|2020||Kimari||2nd||Wesley Ward||Frankie Dettori||5/1|
|Millisle||5th||Jessica Harrington||Tom Marquand||8/1|
|Shadn||10th||Andrew Balding||Oisin Murphy||33/1|
|Les Hogues||13th||George Baker||Shane Kelly||150/1|
|2019||Forever In Dreams||2nd||Aidan Fogarty||Oisin Murphy||20/1|
|Royal Intervention||5th||Ed Walker||Gerald Mosse||50/1|
|2018||Heartache||7th||Clive Cox||Adam Kirby||28/1|
|Actress||17th||Aidan O’Brien||Seamie Heffernan||40/1|
|Main Desire||19th||Michael Bell||Daniel Tudhope||20/1|
|Now You’re Talking||21st||Joseph Patrick O’Brien||Jamie Spencer||50/1|
|2017||No fillies raced|
|2016||Quiet Reflection||1st||Karl Burke||Dougie Costello||7/4|
|La Rioja||4th||Henry Candy||Oisin Murphy||11/1|
|Illuminate||5th||Richard Hannon||Pat Dobbs||14/1|
|2015||Anthem Alexander||3rd||Edward Lynam||Pat Smullen||8/1|
|Tendu||9th||John Gosden||Frankie Dettori||14/1|
|New Providence||13th||Hugo Palmer||Jim Crowley||25/1|
|Tiggy Wiggy||16th||Richard Hannon||Richard Hughes||6/1|
|Pastoral Girl||17th||James Given||Tom Eaves||100/1|
IRISH BEGIN BRIGHTLY
This race definitely carries some global appeal but horses born just the other side of the Irish Sea have stood out the most, as is so often the case. Although Irish horses are regularly a prominent part of the field, they have been over represented among those finishing high up the pecking order.
Much like with the fillies, it’s too early to tell if this trend will last but early signs suggest it’s something you’ll want to bear in mind for future renewals.
Goodbye and Welcome Back to the Buckingham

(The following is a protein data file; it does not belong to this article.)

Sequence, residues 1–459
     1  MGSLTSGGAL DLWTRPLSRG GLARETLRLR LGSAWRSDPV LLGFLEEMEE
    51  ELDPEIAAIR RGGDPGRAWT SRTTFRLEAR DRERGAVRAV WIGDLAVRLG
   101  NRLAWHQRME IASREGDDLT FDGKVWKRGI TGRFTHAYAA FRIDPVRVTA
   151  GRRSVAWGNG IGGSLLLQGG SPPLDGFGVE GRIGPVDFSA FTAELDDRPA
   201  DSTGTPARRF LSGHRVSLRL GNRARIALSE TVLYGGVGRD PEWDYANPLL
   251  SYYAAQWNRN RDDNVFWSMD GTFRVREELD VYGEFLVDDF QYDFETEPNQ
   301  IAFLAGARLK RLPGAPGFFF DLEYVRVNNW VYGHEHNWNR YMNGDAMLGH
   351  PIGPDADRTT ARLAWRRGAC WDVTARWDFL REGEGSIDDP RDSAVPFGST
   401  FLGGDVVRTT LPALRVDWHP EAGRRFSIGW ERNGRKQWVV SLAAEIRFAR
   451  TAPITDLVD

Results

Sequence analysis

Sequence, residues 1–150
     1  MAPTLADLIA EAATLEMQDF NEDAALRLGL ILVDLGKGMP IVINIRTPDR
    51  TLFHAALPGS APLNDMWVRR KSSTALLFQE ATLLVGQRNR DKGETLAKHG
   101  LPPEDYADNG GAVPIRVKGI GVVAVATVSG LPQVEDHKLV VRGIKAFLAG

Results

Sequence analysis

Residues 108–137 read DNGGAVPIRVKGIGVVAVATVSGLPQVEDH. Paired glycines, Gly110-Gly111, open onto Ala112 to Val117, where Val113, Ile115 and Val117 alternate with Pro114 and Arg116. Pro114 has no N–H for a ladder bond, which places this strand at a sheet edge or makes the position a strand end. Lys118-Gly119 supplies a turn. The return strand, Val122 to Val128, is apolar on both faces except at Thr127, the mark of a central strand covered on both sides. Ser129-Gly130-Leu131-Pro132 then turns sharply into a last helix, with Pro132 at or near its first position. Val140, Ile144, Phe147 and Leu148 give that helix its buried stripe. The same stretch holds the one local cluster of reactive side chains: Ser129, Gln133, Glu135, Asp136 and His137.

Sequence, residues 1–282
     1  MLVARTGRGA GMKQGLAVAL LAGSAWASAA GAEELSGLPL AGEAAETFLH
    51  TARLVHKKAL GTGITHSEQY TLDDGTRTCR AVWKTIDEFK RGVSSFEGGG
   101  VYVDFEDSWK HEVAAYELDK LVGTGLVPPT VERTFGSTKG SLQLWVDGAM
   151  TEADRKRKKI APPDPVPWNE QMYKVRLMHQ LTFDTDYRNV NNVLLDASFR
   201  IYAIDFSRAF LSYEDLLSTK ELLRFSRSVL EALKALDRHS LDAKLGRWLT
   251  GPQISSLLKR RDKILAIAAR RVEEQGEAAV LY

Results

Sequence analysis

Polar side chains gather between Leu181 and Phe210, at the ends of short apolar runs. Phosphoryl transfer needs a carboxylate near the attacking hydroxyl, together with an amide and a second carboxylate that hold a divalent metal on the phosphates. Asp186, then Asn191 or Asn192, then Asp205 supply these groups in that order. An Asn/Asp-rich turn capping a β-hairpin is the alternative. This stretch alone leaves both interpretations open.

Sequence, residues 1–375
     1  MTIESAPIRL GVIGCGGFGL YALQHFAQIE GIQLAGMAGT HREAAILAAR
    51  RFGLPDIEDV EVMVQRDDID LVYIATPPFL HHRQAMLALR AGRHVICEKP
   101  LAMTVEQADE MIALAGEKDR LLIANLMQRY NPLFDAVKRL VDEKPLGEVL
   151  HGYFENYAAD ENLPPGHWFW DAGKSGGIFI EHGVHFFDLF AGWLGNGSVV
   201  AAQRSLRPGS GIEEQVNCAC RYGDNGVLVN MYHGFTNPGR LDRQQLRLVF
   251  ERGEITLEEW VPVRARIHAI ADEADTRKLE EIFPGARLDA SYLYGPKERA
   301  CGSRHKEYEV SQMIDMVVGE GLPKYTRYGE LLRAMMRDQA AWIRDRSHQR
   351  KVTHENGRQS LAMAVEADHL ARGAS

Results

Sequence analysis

You’ll have struggled to find anyone voicing their opposition to the Commonwealth Cup’s introduction but it did come at the price of another event. The Buckingham Palace Stakes, a popular seven furlong handicap, was the race that made way having lasted just 12 years. While it was not a contest of any great historical significance, it did stand as the only handicap of such distance at Royal Ascot.
Fans of the event asked why it was not possible to simply have seven races on one day, a common feature among many large meetings. Others would have preferred one of the Ascot Stakes or Queen Alexandra to have dropped out but the decision was made.
Organisers have since yielded to this request with seven races now featuring on each of the five days. The Buckingham Palace Stakes made a return a return to an expanded Royal Ascot in 2020 as has remained in place since. It was run as the very first race of the meeting in 2020 and has now become a permanent fixture once more running as the final race of day 3.
HALF A MILLION POUND MARK BREACHED
The idea behind the Commonwealth Cup was to create a “more balanced programme and better opportunities for high class sprinters.” Having a new Group 1 race has certainly helped achieve this and its inaugural appearance saw a near £400,000 purse entice the best trainers and owners to bring their horses to the party. Just three years later, in 2018, the prize fund had leapt nearly 20% higher, reaching half a million pounds for the first time. At the rate it’s going, it will soon overtake the Coronation Stakes as the most valuable race on day four of Royal Ascot.
Due to Royal Ascot taking placed behind closed doors in 2020, the prize fund was halved to a still substantial £250,000, rising back to £350,000 in 2021. It then returned to the previous mark in 2022.